An ode to video stores, which in the days of VHS tapes being priced at $50 and above were the easiest way for avid movie watchers to see a variety of films without going broke. It focuses mainly on the post-Blockbuster era but filmmaker James Westby argues that we should still patronize and treasure these stores. Reasonably well-made documentary that doesn't really look at the big picture. Extras consist of an introduction from the director, a few deleted and extended scenes and a trailer. Recommended.
There have been a number of documentaries in recent years chronicling home video from a historical perspective, although none so far I would say have been definitive. Made in 2019 which is already a bit of time away with how things have progressed lately, At the Video Store attempts at least somewhat successfully to romanticize the country's remaining video rental stores.
A bit of background that this documentary doesn't really touch on is that video rental stores arose mainly because pre-recorded movies on VHS and Beta were priced out of the hands of consumers. In their first years on the market, list prices for movies ranged from $50-100 which made blind-buying movies one had simply heard about and wanted to see a costly proposition. A few all-time favorites might justify that price, but little else could. A few entrepreneurs quickly figured out that rather than trying to sell tapes at these prices, they could simply accumulate a library of one copy of each title and then rent them out for a few bucks per day. The movie studios didn't like this but the copyright laws of the time said this was OK and an industry was born, giving VCR owners access to a large selection of movies at an affordable price if only just for a day. The first rental outlets were mainly small locally-owned businesses which is what this documentary focuses on. By the end of the 1980s, Blockbuster had become the first nationwide chain of video rental stores and made the industry more mainstream, but upheld a more "family-friendly" image and thus did not rent porn or lesser-known titles that had found an audience at the smaller stores. They had enough cash to stock many more copies of the new releases though which were the main thing most customers were after, and this led to many older video stores closing their doors.
Laserdiscs were around in the 1980s mainly for collectors, it was rare to find those for rent, and while usually priced lower than tapes, were still too costly for the mainstream. In 1997 the DVD format came onto the market and while discs could be rented and eventually pushed out VHS tapes at most stores, they were marketed more as something consumers could buy and keep, and most were priced low enough to make that practical. This was a dream come true for me, as I had been buying laserdiscs for a few years but had been frustrated at their high prices; with DVDs I and many others soon amassed collections of several hundred movies many bought sight unseen. Those who still preferred to rent soon found that Netflix met their needs by renting DVDs through the mail, which eventually led to the demise of Blockbuster.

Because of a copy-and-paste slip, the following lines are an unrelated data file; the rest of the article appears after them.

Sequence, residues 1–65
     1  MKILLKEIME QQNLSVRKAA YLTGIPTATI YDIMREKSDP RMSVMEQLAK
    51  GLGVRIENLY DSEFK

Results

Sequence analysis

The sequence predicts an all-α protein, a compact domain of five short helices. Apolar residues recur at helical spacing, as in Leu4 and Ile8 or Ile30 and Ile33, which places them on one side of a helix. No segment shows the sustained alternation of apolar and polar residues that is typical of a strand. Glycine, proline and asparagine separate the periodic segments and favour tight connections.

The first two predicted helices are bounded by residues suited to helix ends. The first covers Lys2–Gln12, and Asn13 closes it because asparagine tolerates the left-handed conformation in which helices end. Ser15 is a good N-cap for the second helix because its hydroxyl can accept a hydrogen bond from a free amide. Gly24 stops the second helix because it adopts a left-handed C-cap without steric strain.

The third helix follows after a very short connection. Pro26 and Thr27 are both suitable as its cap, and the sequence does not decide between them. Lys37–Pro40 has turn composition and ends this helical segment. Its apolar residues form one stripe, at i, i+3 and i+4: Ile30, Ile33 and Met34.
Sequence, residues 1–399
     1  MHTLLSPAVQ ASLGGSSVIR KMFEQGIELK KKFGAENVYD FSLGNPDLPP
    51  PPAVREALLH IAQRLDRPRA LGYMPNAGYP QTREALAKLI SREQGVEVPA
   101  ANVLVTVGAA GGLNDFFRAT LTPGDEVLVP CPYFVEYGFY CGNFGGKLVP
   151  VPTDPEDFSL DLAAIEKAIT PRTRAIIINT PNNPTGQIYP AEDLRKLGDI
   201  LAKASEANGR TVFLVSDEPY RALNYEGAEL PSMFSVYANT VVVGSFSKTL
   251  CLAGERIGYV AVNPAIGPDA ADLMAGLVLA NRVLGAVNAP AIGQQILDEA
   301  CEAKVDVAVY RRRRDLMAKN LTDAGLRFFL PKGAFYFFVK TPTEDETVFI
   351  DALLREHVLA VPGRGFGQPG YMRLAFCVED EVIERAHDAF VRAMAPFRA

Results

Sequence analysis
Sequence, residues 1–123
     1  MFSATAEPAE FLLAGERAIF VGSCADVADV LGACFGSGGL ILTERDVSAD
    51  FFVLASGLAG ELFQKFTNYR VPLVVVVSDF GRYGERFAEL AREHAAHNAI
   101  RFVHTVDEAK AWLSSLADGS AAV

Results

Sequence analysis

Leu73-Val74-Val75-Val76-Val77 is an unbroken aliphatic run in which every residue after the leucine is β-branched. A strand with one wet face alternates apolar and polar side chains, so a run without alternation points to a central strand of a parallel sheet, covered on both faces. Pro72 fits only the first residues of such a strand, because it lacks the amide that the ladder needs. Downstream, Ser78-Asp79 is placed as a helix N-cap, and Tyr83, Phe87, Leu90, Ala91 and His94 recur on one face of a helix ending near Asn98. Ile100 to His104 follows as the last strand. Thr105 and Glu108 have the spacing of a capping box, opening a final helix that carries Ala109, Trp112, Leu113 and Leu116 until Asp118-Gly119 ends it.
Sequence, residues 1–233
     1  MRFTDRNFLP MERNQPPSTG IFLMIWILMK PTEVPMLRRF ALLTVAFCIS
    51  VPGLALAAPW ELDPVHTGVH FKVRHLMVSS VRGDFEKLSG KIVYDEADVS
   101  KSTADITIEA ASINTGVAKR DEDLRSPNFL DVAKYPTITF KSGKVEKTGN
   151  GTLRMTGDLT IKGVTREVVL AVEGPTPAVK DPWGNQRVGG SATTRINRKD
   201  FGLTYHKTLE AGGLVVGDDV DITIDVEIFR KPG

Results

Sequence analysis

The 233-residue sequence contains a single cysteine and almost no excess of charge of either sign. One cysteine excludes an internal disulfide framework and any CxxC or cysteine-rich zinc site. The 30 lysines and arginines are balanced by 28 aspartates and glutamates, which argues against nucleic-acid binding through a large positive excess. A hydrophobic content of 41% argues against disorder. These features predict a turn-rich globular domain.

At the Video Store mostly jumps past all of that and lands in the year 2019, where only a handful of places to rent movies are left aside from the Redbox kiosks. We visit and subsequently jump back and forth between a few independently-owned rental outlets in Portland, New York, and the legendary Scarecrow Video in Seattle. Some of these have been in business since the 1980s, others were started up more recently by enthusiasts who wanted to keep movie rentals alive in their area. Speaking to owners and employees, the main message they get across is that they know their customers on a first-name basis and know their tastes in movies well enough to recommend titles they need to see. They argue that most employees at Blockbuster weren't like that, and you can't get that same kind of experience from a vending machine or any online source. Some customers chime in, remembering classics like Faces of Death which Blockbuster wouldn't touch with a 10-foot pole and B-grade horror films. (One thing I've noticed in most recent documentaries on home video is how quickly they mention these low-budget titles put out to shock viewers.)
There are a few celebrity insights as well, adding a bit of credibility. Most prominent is cult-film director John Waters, who of course appreciates the more offbeat titles that could be found for rent in the industry's heyday and blames that for the demise of midnight movies at theaters. (Many movie theater purists have blamed home video for the demise of theaters, but the only other mention they get here is that video stores have likely put several drive-ins out of business.) Comedian Bill Hader recalls moving to the New York area and being amazed at the rare and odd titles available for rent there. Film editor Thelma Schoonmaker argues that it's important for communities to have access to a large number of movies, and director Todd Haynes even starts the show off by remembering his childhood before home video existed, imagining that one day there would be a place where you could go to see any movie you could think of.